Metsä Fibre mills use water sparingly, even though in northern Europe they are surrounded by some of the world’s most abundant freshwater reserves. The company has systematically reduced process water consumption at all of its mills by investing in new technology and by enhancing and optimising processes, applying proactive environmental management strategies, environmental risk management tools, and other techniques.
Efficient water recycling has been the most effective way of reducing water consumption, with filtrates from the bleaching process recycled into earlier stages of the manufacturing process. Consumption of process water at the bioproduct mill in Äänekoski continues to fall substantially.
“The amount of process water used in making a tonne of pulp will drop from the present level of about 25 cubic metres to about 10 cubic metres as the bioproduct mill deploys a largely closed water cycle of a kind not seen elsewhere on this scale,” explains Äänekoski Project Manager Johanna Harjula.
STATE-OF-THE-ART CLEANING TECHNOLOGY
The highly enclosed water cycle of the bioproduct mill will generate less wastewater than ever, and its state-of-the-art wastewater treatment plant will also apply more treatment stages. This technology relies on multi-stepped biological purification and subsequent chemical processing. Some of the bioproduct mill wastewater will also be diverted to tertiary processing by chemical precipitation to reduce the non-biodegradable soluble COD content when necessary.
“Even though our current mills already deliver world-class performance in this respect, we shall be able to cut the volume of wastewater at the new facility by nearly half,” says Metsä Fibre Development Manager Ari Poukka.
The organic sludge extracted from wastewater will also be used in a new way by converting it into fuel at the EcoEnergy SF Oy biogas plant, a unique facility that will form an integral part of the bioproduct mill ecosystem.
“One new feature of the wastewater treatment plant is a division of the aeration basin into various stages with a view to improving the sludge. The first stage removes readily degradable COD content, with an adjustment of microbe strains for tackling more resilient organic materials at the next stage. This multi-stage process delivers better purification performance and makes the plant less susceptible to malfunctions,” Harjula explains.
MINIMISING WATERCOURSE IMPACTS
Even though the manufacturing capacity of the bioproduct mill will be nearly three times that of the previous facility, it will remain comfortably within the emission limits of the present environmental permit and European Union values for best available techniques (BAT). Effluent from the mill will have no impact on local watercourse standards, or on the use of these waters.
“Our environment load model from the bioproduct mill wastewater treatment plant for the environmental permit application and environmental impact assessment indicate no deterioration in the ecological state of the watercourse, even at maximum discharge levels,” Harjula explains.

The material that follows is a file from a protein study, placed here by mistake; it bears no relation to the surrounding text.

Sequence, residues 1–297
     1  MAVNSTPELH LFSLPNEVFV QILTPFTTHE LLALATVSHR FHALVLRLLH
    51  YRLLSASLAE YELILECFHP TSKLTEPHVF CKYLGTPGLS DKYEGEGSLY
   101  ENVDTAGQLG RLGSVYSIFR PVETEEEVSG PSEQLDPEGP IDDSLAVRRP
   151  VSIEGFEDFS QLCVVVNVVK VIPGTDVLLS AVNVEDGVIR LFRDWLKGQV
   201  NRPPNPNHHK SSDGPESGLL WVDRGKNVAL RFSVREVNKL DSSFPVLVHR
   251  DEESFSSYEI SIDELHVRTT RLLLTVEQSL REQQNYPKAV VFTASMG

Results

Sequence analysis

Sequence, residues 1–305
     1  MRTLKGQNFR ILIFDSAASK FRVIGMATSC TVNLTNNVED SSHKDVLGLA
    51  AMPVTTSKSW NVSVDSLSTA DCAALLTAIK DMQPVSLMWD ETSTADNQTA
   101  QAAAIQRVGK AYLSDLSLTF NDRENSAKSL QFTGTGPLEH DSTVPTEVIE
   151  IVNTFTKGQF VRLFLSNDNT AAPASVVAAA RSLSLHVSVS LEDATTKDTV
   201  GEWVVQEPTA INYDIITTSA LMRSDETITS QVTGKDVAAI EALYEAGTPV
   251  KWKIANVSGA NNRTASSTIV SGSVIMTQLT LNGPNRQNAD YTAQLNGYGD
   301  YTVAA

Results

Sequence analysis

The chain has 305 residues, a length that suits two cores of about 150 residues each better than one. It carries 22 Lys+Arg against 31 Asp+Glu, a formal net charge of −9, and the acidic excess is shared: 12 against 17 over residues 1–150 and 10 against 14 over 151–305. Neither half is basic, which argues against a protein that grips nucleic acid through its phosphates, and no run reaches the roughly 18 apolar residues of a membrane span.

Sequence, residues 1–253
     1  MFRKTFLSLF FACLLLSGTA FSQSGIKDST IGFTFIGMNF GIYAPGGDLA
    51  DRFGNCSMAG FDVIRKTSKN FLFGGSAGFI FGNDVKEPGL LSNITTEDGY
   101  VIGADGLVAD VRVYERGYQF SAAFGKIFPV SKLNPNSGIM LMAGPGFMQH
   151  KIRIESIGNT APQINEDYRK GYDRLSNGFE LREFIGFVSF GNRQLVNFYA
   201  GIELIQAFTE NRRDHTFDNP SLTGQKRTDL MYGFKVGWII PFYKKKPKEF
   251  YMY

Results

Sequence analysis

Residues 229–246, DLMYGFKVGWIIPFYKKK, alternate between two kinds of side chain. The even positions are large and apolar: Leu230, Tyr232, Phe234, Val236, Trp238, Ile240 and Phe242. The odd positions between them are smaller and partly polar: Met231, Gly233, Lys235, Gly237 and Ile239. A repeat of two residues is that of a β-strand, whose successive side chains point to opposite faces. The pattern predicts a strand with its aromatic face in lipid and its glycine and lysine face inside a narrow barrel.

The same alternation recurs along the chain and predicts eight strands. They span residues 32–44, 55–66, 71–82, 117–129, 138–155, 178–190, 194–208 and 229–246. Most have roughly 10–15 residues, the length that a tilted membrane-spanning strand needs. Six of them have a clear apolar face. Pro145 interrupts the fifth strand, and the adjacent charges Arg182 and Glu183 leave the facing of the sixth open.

Poukka suggests that technological progress will achieve even lower wastewater volumes in future, even though a completely closed water cycle is not yet possible with current knowledge.
“We are still some way from a process that would enable us to use all of the naturally occurring inorganic material in wood as part of the final product, for example. Trees lift various metals and other inorganic material from the soil as they grow, and this material must be removed from the manufacturing process to prevent it from accumulating as deposits in the machinery or contaminants in the end-product,” Poukka explains.
WORKING FOR SUSTAINABLE DEVELOPMENT
The Effluent Purification and Reuse (EPR) research theme at Aalto University Department of Bioproducts and Biosystems focuses on purifying industrialwastewater, improving purification processes, recovering nutrients, and recycling process water. Metsä Fibre has conducted joint research work with the university, studying such aspects as water recycling and the behaviour of chemicals. The most recent initiative involves investigating ways of using bioproduct mill side streams.
Departmental professor Olli Dahl explains that this research has helped the Finnish forest industry to radically reduce its water consumption.
“For example, we are now using only a tenth of the fresh water that was required for processes in the 1980s. We have learned, in particular, how to recycle water back into the process at points where there is no need to use fresh water,” Dahl explains.
Professor Dahl believes that pulp manufacturing has already achieved a comprehensively optimal standard of wastewater treatment using biological processes. The bioproduct mill in Äänekoski will be one of the first pulp industry installations to introduce a tertiary stage that further enhances wastewater processing, and it is now essential for future research to consider solutions that are environmentally sustainable in general.
“We are always looking at ways of further reducing water consumption, for example by returning even more wastewater to the process. There are nevertheless limits to this, insofar as water treatment involves using energy that in turn creates emissions to the atmosphere. Increased quantities of sludge must also be reprocessed. Even though all wastewater could in principle be purified into drinking water, the local pollution that this could cause in terms of massive energy consumption could have regional or even global repercussions,” Dahl observes.
He nevertheless concedes that the carbon-neutral energy surplus generated by a pulp mill will have numerous potential applications in future, and the Äänekoski bioproduct mill is setting a new standard in this field.
Department professor, Aalto University